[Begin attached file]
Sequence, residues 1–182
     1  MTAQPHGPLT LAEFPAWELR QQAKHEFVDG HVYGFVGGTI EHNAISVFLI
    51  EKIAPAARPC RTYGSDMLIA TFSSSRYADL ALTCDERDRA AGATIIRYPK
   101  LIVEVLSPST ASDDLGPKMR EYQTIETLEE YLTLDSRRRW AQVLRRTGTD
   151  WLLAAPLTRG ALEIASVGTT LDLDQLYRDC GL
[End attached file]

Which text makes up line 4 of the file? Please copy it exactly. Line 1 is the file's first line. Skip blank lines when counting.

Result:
   101  LIVEVLSPST ASDDLGPKMR EYQTIETLEE YLTLDSRRRW AQVLRRTGTD